Senators pressed EPA Administrator Michael Regan on Wednesday to expand use of E15 in the nation’s fuel supply to combat rising energy prices.

Senate Environment and Public Works Committee members Joni Ernst, R-Iowa, and Tammy Duckworth, D-Ill., urged Regan to allow use of E15 year-round, as has been requested by numerous lawmakers and the biofuels industry. 

“We are currently evaluating what flexibilities we have around E15,” Regan said. “This is a conversation that I and (Agriculture) Secretary (Tom) Vilsack have been having quite a bit as of late, so I can tell you that we are evaluating what Clean Air Act authorities we have.”

“I do believe E15 can provide a less expensive option based on the data we have seen of late,” Regan told the committee, which was focused on EPA’s budget request for $11.88 billion in fiscal 2023, a $2.6 billion, or 28%, increase from the fiscal 2022 level.

At the same time, he said, “Whether it’s E15 or RVOs, we need to have a comprehensive approach to alleviating our dependence on oil,” referring to the annual Renewable Volume Obligation setting the amount of ethanol to be blended with gasoline.

Regan also said he believes the agency is “finally on a path to stabilize the [Renewable Fuel Standard] program” as it develops the RVOs for fiscal 2023 and beyond. The biofuels industry and its supporters were critical of the agency’s announcement earlier this year that it was extending RFS compliance deadlines for fiscal years 2020-2022.

On a subject closely watched by the ag industry, the definition of “waters of the U.S.” in the Clean Water Act, Regan said the agency would be gathering input from a series of regional roundtables. The agency has proposed returning to pre-2015 CWA regulations as it works to craft a new, more permanent rule.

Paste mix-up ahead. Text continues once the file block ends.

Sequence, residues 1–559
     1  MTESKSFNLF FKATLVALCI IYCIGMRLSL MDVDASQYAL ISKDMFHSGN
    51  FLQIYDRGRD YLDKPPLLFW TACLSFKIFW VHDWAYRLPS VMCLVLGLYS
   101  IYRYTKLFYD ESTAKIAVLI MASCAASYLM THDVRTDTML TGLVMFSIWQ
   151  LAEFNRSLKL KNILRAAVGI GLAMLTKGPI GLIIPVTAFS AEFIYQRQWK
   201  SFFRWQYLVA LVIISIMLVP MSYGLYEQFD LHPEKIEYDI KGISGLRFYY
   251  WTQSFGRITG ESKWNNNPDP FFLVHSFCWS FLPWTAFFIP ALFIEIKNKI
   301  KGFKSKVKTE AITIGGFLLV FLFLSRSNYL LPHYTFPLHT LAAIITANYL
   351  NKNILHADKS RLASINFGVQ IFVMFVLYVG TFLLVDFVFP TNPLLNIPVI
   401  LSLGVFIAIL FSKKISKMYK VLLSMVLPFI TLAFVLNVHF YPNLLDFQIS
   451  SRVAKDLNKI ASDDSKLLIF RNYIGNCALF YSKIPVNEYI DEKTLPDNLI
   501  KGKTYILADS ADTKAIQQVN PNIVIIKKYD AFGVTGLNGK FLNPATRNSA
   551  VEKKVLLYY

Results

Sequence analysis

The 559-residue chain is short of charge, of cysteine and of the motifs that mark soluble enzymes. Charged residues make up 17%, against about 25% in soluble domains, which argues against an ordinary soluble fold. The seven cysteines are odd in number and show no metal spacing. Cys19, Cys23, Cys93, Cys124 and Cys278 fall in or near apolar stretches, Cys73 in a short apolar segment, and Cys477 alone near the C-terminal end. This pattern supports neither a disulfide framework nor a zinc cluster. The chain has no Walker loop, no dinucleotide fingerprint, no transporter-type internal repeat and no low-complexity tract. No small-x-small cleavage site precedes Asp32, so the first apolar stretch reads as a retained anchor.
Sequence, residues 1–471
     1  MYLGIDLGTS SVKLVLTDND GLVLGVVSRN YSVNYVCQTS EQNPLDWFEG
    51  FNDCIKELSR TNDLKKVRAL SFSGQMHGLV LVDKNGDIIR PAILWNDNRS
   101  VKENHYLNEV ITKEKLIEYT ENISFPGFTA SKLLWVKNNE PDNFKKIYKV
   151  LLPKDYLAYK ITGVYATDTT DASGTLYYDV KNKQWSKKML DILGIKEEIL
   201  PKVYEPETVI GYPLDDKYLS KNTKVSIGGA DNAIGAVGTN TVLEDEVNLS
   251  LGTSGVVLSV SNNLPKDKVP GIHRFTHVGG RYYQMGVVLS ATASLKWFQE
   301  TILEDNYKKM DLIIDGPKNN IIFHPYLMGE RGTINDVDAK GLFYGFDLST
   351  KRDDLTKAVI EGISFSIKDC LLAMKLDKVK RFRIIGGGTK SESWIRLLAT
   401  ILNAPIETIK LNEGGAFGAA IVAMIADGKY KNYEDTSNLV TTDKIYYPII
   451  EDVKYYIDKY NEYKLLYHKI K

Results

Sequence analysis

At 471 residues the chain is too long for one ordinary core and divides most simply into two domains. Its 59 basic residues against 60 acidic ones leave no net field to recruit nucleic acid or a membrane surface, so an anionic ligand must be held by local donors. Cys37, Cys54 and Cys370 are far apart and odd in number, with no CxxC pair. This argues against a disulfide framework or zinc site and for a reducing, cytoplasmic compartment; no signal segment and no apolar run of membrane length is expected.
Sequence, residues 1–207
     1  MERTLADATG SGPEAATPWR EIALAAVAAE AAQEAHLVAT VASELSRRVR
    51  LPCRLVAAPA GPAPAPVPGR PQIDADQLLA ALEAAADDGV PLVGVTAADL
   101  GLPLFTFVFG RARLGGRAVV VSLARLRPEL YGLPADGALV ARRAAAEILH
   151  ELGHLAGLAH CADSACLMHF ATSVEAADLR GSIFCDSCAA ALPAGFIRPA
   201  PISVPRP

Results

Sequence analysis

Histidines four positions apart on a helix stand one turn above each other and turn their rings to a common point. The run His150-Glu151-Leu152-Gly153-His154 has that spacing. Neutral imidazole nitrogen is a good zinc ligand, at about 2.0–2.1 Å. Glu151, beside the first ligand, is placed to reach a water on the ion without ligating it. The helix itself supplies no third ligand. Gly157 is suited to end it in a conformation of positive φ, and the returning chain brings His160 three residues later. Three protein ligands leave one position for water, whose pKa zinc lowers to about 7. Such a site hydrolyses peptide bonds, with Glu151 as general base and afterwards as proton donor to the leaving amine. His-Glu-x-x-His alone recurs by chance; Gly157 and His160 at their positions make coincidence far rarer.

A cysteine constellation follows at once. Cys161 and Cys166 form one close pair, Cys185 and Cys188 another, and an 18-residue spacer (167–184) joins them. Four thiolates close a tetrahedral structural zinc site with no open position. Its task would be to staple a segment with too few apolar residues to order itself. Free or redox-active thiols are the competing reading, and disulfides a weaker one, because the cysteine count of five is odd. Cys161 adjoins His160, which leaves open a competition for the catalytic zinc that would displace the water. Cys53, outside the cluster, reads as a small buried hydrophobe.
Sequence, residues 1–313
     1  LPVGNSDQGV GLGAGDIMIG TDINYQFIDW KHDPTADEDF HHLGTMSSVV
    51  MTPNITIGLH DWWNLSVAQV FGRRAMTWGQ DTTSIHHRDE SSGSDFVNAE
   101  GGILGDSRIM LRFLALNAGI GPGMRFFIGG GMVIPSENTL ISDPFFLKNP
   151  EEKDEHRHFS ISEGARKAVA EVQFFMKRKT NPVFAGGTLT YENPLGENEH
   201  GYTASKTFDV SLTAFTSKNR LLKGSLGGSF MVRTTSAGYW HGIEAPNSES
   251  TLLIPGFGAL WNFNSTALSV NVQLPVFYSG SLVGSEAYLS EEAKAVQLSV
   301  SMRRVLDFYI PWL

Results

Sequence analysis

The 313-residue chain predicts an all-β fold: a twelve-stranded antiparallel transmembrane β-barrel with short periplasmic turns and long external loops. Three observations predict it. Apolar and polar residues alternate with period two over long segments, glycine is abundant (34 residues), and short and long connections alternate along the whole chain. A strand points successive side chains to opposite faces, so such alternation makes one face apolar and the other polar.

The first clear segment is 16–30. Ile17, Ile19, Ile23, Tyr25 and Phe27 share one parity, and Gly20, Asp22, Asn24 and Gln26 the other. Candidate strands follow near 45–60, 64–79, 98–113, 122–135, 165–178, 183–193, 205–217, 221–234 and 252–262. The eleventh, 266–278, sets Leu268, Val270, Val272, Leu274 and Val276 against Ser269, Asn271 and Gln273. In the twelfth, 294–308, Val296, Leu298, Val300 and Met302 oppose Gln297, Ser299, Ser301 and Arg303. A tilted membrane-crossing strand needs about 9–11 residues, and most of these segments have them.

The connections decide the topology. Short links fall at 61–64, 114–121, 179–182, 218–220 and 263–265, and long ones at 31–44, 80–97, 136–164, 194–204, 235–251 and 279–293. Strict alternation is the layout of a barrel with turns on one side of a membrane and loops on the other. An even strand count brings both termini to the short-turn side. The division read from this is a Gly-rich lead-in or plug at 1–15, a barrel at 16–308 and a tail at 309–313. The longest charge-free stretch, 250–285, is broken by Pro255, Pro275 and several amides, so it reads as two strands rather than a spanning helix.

That effort has been complicated by the Supreme Court’s decision to take on the issue in a case that will be argued sometime this year, involving the scope of EPA’s authority to regulate wetlands.

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“We don't want to spend resources on efforts that would have to be changed later on,” Ernst said, adding she would like to see EPA hold a roundtable in Iowa. Regan said he’d get back to her on that. In February, EPA announced there would be 10 regional roundtables this spring and summer, but it has yet to set the dates and locations.

Regan said the agency, which is working on WOTUS with the Army Corps of Engineers, is “still on a path to produce some certainty while we see what plays out in the Supreme Court.” 

Regan mostly received a warm reception from the panel, but Sen. Dan Sullivan, R-Alaska, criticized the administration – though not Regan – for “targeting” his state through executive orders and regulatory actions shutting down resource development. He asked for a hearing on Alaskan issues before the committee, which EPW Chairman Tom Carper, D-Del., said he would be willing to discuss.

Sen. Sheldon Whitehouse, D-R.I., voiced frustration with the slow pace of rulemaking to address greenhouse gas emissions from a variety of industries, including the power sector.

Regan said the agency’s employees are working nights and weekends to deal with a laundry list of responsibilities. EPA asked for authority to hire 1,900 more employees in its fiscal year 2023 request.

“We’re making a significant ask for resources,” he said. “We can’t dig ourselves out of this hole overnight,” he added, referring to the loss of about 1,000 employees during the Trump administration.

The committee's top Republican, Shelley Moore Capito, R-W.Va., asked Regan to provide information on how the United States plans to cut GHG emissions in half by 2030.

“It has now been 343 days, almost a year, since you committed to sending information on the Nationally Determined Contribution, or NDC, to this committee, and you have not sent any information,” she said in her opening statement.

“The American people and Congress still do not know how this administration plans to meet its climate goals of 50%-52% greenhouse gas emissions reductions by 2030, and what it might mean for their jobs, energy costs, and the prices of goods and services during a time of already historic inflation,” Capito said.

Regan said in his testimony that the budget request includes $773 million “towards tackling the climate crisis and reaping the benefits that come with it.”

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